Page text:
1 Apr

People in Tech

There are many differing opinions on how to be a successful woman in a predominantly male industry.
Recently I heard the dreaded phrase "use your feminine wiles". Shocked wouldn't describe it. I think that in following this advice you would not only do yourself a disservice, but also the men that you are working with. Treating them as people to be manipulated rather than equals.

I have been fortunate enough to work with predominately fair, modern and incredibly smart men who would most likely recommend an eye bath if I tried to flutter my eyelashes in their direction. It also in my opinion plays directly to the notion that for a woman to succeed she should be attractive and alluring. This is nonsense.

Use your intelligence and experience. Back up your ideas and proposals with research and POC's. Negotiate rather than manipulate. Preserver and stand your ground when you're right. Recognise and concede when you're not. Accept that you will most often fall somewhere in the vast grey area in between.

In the words immortalised by Vanilla Ice "Stop, Collaborate, and Listen".

Belinda Parmar, chief executive of Lady Geek, an agency that campaigns to make technology more accessible to women, stated last year that she would no longer speak at women only events. It's something that I had thought about while pondering the "why aren't there more women in tech" conundrum myself. Surely by segregating ourselves we only make the problem worse? We create a "them vs us" situation where all the women band together and just end up creating another exclusive club, becoming the very thing we got together to eradicate.

Yet despite this view I didn't attend a single tech event outside of work until Women Who Code was established in Belfast.

Why? I was intimidated. Not because I think that men are scary, but because I had this idea that it would be all men. They would be super smart, with a natural aptitude for coding. They'd have been whipping up websites ever since they emerged from the womb. I would of course stick out like a sore thumb and my ineptitude would totally obvious to anyone that so much as looked in my direction.

Where did I get this impression? Well. I don't really know. I just know that I have felt that way my entire career. The feeling has been compounded by a number of things. Sitting in presentations that included pictures of women in bikinis for no good reason, attending a conference where a magazine advertised itself with the slogan "Enhance Your PHPness", seeing women in tech represented as WAGS, eye candy or as illustrated in the pic above, disreagrded altogether (source). All of this really sends the message "you don't quite fit in here".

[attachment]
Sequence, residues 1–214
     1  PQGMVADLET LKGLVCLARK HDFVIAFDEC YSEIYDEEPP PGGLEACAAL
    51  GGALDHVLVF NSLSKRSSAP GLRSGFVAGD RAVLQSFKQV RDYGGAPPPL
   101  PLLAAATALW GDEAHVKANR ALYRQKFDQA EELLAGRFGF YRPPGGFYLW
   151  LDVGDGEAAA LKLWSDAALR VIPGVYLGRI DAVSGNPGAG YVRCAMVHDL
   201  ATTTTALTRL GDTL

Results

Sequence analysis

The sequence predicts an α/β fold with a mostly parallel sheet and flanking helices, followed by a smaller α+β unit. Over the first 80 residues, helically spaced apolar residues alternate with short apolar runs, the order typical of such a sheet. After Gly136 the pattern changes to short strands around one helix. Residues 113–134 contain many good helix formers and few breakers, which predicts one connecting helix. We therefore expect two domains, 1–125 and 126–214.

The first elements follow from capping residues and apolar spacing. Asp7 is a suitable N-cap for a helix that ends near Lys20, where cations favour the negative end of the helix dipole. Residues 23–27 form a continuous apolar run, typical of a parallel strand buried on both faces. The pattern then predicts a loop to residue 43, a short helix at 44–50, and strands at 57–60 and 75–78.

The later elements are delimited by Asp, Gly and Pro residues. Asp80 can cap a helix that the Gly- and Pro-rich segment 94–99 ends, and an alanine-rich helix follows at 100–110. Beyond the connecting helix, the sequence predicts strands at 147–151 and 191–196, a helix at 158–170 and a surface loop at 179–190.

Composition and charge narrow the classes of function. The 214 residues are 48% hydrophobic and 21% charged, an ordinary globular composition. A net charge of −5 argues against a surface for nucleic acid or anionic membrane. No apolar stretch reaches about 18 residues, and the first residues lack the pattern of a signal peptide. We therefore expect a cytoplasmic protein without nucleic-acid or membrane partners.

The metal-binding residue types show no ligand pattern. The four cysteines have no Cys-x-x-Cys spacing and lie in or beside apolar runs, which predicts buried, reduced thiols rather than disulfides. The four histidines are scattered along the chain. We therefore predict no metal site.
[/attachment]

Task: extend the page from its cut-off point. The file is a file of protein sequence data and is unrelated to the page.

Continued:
I'm very put off by tech talks that rank drinking up there with talks being delivered - it's reminiscent of crashing a boy's night out. While having now attended some talks I know that is not the case, it did for a long time stop me from just taking that first step.

Women Who Code for me has been a non-intimidating introduction to tech events in Belfast, their structure, the pace, the realisation that if everyone already knew everything they wouldn't be there. I knew that I was walking into a situation and environment that I was comfortable in, somewhere that I did "fit in". It has served as a confidence builder and a stepping-stone into attending more talks outside of WWC and mentoring at the CoderDojo in Befast Met.

That's the important bit. The idea isn't to get together a group of Women Who Code, wrap them up in a little bubble and keep them there. It's not to exclude the men of the industry, WWC Belfast officially launches on the 2nd of April with a line up of speakers female and male. I believe that this group was sorely needed in Belfast and that it increases the awareness that there are in fact, many women who code. And many women that are part of the industry as a whole. I hope that part of the agenda is to encourage the women who come along to also attend events outside the group, to be an active member of the tech community and to become speakers themselves in events targeted at any demographic.

So why aren't there more women in tech? A question I was asked as recently as this weekend. Honestly I don't believe that there is one all encompassing answer. I think it stems from a number of factors from how children's toys are marketed, traditional male/female career paths and how these are encouraged in school and at home, through to horrible occurrences of women being listed in IT job advertisements as if they are perks.

What I do believe is that the solution lies in promoting tech early on, to everyone. Women must be an instrumental part of this. Young people coming into the industry should see that there is room here for all of us, and that we all have something to contribute.

I look forward to seeing the industry change, the gender imbalance disappear, and the day when we can all just be "People in Tech"."


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